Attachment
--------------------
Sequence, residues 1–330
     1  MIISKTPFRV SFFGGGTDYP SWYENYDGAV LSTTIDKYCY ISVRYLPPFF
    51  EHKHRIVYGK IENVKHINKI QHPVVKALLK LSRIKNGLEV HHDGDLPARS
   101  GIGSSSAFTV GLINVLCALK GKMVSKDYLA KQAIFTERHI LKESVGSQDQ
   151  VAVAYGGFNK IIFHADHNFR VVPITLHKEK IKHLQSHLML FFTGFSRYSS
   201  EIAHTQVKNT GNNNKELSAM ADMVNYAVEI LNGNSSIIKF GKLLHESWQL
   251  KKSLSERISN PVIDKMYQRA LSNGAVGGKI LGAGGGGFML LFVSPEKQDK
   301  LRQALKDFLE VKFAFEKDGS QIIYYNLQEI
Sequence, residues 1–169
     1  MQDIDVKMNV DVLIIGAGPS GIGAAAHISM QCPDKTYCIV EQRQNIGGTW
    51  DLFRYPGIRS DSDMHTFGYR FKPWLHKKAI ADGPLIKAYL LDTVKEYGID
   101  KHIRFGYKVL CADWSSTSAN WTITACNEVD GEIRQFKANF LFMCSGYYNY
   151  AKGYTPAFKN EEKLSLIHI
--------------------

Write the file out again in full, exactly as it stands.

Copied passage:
Sequence, residues 1–330
     1  MIISKTPFRV SFFGGGTDYP SWYENYDGAV LSTTIDKYCY ISVRYLPPFF
    51  EHKHRIVYGK IENVKHINKI QHPVVKALLK LSRIKNGLEV HHDGDLPARS
   101  GIGSSSAFTV GLINVLCALK GKMVSKDYLA KQAIFTERHI LKESVGSQDQ
   151  VAVAYGGFNK IIFHADHNFR VVPITLHKEK IKHLQSHLML FFTGFSRYSS
   201  EIAHTQVKNT GNNNKELSAM ADMVNYAVEI LNGNSSIIKF GKLLHESWQL
   251  KKSLSERISN PVIDKMYQRA LSNGAVGGKI LGAGGGGFML LFVSPEKQDK
   301  LRQALKDFLE VKFAFEKDGS QIIYYNLQEI
Sequence, residues 1–169
     1  MQDIDVKMNV DVLIIGAGPS GIGAAAHISM QCPDKTYCIV EQRQNIGGTW
    51  DLFRYPGIRS DSDMHTFGYR FKPWLHKKAI ADGPLIKAYL LDTVKEYGID
   101  KHIRFGYKVL CADWSSTSAN WTITACNEVD GEIRQFKANF LFMCSGYYNY
   151  AKGYTPAFKN EEKLSLIHI